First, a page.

Conclusion

Lastly, Orwell says that it would be murder to kill the elephant; the ?grandmotherly air? that surrounds the elephant made Orwell reflect and assured him of the atrociousness of killing the elephant ? but the crowd was waiting, and Orwell did not want to look like a fool. After Orwell?s third shot, ?an enormous senility? fell upon the elephant ? the crowd had won. The diction of ?senility? denotes the decay of mental ability, being unable to think clearly and make decisions, but, perhaps, serves as an allegory to officers becoming a ?puppet[s]? as well as the decay of the British Empire?s rule. Ultimately, Orwell crafts a reflective tone and stressful mood through his writing, which prompts readers to reflect on the motivations behind their decisions. ________________ [1] This is actually a pen name. Orwell?s real name is actually Eric Blair. ...read more.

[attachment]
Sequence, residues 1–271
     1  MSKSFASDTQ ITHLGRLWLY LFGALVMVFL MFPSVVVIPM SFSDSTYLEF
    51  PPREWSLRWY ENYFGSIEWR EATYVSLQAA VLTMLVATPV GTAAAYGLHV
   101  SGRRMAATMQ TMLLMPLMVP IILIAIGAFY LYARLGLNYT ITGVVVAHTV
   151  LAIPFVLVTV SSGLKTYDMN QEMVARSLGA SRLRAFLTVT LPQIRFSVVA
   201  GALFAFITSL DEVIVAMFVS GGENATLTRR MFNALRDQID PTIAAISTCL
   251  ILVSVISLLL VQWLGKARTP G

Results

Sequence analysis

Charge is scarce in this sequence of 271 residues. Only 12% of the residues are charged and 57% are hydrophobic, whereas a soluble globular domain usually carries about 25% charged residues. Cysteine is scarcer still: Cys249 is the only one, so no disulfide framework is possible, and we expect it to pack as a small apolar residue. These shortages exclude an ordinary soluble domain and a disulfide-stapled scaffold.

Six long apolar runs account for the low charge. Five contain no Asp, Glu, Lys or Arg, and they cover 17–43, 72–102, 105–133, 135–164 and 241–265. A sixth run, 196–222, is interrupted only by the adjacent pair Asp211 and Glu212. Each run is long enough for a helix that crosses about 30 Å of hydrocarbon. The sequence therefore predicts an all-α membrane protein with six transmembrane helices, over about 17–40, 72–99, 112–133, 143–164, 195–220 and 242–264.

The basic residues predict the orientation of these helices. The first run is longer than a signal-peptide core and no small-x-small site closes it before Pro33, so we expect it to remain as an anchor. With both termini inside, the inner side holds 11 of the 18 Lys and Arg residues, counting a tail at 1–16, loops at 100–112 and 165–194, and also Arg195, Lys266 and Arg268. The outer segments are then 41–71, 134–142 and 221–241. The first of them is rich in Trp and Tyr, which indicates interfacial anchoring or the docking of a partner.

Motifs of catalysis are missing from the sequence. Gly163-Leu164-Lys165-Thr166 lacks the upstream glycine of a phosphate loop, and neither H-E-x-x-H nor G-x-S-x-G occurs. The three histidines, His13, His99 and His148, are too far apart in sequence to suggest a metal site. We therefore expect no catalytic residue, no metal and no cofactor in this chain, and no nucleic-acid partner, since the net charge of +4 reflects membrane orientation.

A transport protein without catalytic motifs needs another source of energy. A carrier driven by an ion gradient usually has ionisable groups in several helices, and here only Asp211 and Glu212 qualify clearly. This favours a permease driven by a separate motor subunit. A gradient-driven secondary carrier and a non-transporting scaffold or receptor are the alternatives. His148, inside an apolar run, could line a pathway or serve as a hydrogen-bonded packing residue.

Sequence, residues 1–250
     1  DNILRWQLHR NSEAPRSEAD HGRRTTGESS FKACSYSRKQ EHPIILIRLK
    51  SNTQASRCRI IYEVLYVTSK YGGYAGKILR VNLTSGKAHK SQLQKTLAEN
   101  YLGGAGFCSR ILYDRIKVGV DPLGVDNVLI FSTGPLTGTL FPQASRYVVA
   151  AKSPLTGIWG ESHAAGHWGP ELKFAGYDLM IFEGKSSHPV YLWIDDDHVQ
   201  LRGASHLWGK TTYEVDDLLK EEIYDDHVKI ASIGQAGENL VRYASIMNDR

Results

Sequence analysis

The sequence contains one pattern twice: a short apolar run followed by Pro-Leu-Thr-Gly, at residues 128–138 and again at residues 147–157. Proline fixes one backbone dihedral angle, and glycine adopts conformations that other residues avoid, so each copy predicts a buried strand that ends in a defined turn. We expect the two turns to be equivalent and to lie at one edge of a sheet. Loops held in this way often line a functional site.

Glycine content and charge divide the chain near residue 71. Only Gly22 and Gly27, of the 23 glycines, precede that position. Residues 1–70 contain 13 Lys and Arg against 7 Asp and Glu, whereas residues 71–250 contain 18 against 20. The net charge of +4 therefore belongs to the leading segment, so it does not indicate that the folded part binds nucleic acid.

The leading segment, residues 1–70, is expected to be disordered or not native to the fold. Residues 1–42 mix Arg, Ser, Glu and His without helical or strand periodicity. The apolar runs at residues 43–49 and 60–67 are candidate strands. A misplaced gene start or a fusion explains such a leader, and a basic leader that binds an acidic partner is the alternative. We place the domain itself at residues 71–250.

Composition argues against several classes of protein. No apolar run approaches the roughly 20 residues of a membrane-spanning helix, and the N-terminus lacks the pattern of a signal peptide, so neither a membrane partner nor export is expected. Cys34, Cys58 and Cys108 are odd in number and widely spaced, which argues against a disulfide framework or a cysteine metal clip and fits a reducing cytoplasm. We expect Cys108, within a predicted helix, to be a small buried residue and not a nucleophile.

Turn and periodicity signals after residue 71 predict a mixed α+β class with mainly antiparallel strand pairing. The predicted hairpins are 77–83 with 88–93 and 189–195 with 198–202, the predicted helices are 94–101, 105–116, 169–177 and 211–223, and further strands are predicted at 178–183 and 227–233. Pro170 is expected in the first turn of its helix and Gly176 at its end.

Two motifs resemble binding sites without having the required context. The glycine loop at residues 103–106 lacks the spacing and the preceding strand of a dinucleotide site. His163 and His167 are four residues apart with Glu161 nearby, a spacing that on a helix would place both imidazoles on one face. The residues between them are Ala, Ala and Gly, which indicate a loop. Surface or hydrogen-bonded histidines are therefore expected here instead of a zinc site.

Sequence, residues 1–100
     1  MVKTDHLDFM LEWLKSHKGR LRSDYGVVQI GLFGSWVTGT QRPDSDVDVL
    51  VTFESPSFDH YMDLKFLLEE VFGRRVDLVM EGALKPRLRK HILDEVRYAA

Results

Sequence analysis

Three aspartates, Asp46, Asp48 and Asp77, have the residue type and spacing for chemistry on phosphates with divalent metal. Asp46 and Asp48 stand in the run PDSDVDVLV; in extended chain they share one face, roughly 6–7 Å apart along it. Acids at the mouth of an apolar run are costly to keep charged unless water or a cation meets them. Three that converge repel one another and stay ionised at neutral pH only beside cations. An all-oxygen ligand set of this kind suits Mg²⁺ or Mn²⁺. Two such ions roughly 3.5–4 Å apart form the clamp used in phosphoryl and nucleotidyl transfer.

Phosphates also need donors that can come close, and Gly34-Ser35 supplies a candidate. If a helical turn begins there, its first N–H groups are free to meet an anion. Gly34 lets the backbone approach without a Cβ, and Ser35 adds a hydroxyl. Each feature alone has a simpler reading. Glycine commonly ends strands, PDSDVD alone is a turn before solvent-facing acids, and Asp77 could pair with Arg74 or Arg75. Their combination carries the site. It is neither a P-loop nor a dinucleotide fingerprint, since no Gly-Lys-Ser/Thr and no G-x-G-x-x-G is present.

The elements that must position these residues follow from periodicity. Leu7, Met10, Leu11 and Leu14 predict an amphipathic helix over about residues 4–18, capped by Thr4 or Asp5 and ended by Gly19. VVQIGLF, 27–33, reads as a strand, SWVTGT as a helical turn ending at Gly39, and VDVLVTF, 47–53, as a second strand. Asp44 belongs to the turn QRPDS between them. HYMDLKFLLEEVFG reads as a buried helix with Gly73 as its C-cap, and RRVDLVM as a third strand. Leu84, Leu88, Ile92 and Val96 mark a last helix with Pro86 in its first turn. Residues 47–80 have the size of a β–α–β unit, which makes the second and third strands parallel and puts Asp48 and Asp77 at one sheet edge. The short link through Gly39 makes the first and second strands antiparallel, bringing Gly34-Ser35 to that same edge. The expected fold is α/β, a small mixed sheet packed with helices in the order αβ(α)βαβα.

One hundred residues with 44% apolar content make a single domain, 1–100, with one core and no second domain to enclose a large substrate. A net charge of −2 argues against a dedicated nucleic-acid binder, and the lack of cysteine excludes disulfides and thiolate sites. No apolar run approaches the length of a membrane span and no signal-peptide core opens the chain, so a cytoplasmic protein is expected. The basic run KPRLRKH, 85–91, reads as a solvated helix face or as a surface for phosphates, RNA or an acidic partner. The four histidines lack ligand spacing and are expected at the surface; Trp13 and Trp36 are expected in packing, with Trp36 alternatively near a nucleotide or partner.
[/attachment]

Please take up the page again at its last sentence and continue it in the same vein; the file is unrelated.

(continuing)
The above preview is unformatted text

This student written piece of work is one of many that can be found in our International Baccalaureate World Literature section.

Found what you're looking for?

  • Start learning 29% faster today
  • 150,000+ documents available
  • Just £6.99 a month

Not the one? Search for your essay title...
  • Join over 1.2 million students every month
  • Accelerate your learning by 29%
  • Unlimited access from just £6.99 per month

See related essaysSee related essays

Related International Baccalaureate World Literature essays

  1. Symbolism in The Elephant Vanishes